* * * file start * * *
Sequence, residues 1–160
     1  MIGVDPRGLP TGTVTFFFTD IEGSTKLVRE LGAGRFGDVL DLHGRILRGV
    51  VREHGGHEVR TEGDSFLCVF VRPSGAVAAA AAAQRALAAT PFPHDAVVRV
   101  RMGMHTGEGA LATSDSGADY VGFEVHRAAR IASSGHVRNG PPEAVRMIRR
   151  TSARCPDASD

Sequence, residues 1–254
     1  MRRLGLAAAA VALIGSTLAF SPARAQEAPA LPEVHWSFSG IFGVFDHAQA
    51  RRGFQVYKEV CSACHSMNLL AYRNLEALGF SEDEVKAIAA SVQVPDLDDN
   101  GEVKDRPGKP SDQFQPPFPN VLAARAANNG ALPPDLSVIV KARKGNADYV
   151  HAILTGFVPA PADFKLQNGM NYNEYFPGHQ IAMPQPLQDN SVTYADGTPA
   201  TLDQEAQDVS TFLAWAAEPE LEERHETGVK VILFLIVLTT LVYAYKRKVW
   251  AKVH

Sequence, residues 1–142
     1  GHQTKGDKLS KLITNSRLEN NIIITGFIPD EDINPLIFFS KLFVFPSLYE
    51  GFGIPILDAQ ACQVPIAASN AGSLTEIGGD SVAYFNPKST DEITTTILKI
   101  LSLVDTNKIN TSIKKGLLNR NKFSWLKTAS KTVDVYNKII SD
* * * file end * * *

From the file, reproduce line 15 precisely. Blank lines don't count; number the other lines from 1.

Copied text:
    51  GFGIPILDAQ ACQVPIAASN AGSLTEIGGD SVAYFNPKST DEITTTILKI